problem.. if you are in the middle of
the day and the power goes off for 1 hour,
at powerup you slip in the time change,
whos to know ??
if all the other 'time zones' change their
clocks - - then NOTHING has happened -
except the SUN seems to be out of whack !?!# LOL
It almost sounds like you are confusing this
UTC part.
Posted by tedtks (20 comments )
Reply Link Flag
Daylight Savings Time (DST) starts this week. As you may know, DST provides us more sunlight. You probably also know that more sunlight means the Earth gets hotter. Therefore, DST causes global warming!

Don't believe me? When do we use DST, summer or winter? And when is it hotter, summer or winter? Still don't believe me? When did DST first start in the 1900s, when the Earth started warming! It's no coinky-dink!

Stop global warming now! Do not set your clocks forward this weekend!
Posted by ToddWBeaver (1415 comments )
Reply Link Flag
Are you that seriously cracked?!
DST was created to allow farmers "more day light time" in which to do their farming.
It has nothing to do with global warming.

Your "theory" is based on the idea that someone can control the rotations, and speed of such, of the earth and sun.
Posted by ShadowGryphon (52 comments )
Link Flag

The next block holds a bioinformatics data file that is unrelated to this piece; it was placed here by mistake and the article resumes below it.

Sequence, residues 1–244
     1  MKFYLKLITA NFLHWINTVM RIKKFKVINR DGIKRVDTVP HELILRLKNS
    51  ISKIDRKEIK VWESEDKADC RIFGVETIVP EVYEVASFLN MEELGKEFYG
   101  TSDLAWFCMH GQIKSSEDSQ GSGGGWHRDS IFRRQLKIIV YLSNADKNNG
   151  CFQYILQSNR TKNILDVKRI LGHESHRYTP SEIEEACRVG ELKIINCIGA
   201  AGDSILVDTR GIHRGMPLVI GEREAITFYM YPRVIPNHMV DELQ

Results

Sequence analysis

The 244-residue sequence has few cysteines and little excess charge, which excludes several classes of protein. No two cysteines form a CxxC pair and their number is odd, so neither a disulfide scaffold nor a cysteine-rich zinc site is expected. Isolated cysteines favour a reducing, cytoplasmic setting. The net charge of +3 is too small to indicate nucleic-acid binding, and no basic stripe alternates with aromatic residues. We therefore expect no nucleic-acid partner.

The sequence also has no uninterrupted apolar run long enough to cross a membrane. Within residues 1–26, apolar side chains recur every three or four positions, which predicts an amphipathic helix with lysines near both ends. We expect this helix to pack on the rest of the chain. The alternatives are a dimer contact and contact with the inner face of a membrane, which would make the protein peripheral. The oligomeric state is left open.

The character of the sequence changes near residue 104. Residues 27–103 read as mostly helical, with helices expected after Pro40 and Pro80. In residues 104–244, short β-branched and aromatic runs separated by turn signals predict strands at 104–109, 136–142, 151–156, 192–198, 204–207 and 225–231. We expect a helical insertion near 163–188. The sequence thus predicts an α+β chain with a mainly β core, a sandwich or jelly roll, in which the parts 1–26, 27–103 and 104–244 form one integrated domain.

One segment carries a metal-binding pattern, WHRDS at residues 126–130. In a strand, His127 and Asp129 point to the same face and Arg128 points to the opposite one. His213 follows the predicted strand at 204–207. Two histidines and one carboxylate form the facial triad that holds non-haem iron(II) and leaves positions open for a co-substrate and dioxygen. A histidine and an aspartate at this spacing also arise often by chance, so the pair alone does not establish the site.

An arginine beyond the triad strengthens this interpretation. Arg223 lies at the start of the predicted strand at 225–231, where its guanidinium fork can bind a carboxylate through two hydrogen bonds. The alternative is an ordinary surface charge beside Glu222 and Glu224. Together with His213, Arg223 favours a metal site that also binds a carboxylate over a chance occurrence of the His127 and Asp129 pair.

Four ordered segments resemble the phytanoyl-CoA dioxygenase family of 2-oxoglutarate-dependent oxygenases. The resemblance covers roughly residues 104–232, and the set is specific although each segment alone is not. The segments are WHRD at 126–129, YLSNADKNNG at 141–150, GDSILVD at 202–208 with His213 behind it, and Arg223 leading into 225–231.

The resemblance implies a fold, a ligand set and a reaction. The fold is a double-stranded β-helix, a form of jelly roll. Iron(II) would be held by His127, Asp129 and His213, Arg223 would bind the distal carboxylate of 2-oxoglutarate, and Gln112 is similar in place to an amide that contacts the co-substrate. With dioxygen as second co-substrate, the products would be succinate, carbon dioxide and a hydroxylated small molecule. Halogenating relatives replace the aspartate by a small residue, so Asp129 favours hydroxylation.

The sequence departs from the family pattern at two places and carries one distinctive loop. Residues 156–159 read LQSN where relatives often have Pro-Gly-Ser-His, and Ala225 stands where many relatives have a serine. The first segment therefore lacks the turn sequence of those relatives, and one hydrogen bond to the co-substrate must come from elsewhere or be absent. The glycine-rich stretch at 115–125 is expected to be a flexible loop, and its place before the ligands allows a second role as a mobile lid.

The problem is with Windows and its applications...
Let's get a few things straight.

Firstly DST exists. Stop arguing about the virtues of it and just
live with it. DST means more to people who live closer to the
poles and less to those that do not. We live on a sphere and the
sphere's tilt towards the sun changes. We therefore need time
adjustments for certain latitudes.

Secondly other countries have had to cope with shoddy
operating systems and applications with respect to handling DST
changes. DST changes can be made on political decisions and
even religious decisions. Australia changed DST rules for the
Olympics and Commonwealth Games. Most recently they even
introduced them for Western Australia. South American DST
rules commonly change. DST changes occur.

Part of the solution is to have applications rely on the OS for
time zone data and not to re-invent the wheel. So, the OS owns
the time zone data. The other part of the solution is to have a
time zone mechanism that can record DST data historically and
into the future. The Unix zoneinfo mechanism does this and that
is why Unix derivatives such as Solaris, Linux and Mac OS X are
streets ahead of Windows in this regard. zoneinfo updates have
long been available for these operating systems.

DST exists. MS needs to embrace it and handle it properly.
Personally I'm pleased that the US has changed its DST rules
given the attention it is receiving - maybe the rest of the world
will now benefit from future MS considerations.
Posted by huntc (4 comments )
Reply Link Flag
...but maybe not Vista
Well kudos to MS - it does look as though Vista at least brings
itself up to some of the functionality of zoneinfo further to my
last post i.e. past and future DST rules can be captured. The
future looks brighter :-)

<a class="jive-link-external" href="" target="_newWindow"></a>

(Additional registry keys in Windows Vista)
Posted by huntc (4 comments )
Link Flag

Join the conversation

Add your comment

The posting of advertisements, profanity, or personal attacks is prohibited. Click here to review our Terms of Use.

What's Hot



RSS Feeds

Add headlines from CNET News to your homepage or feedreader.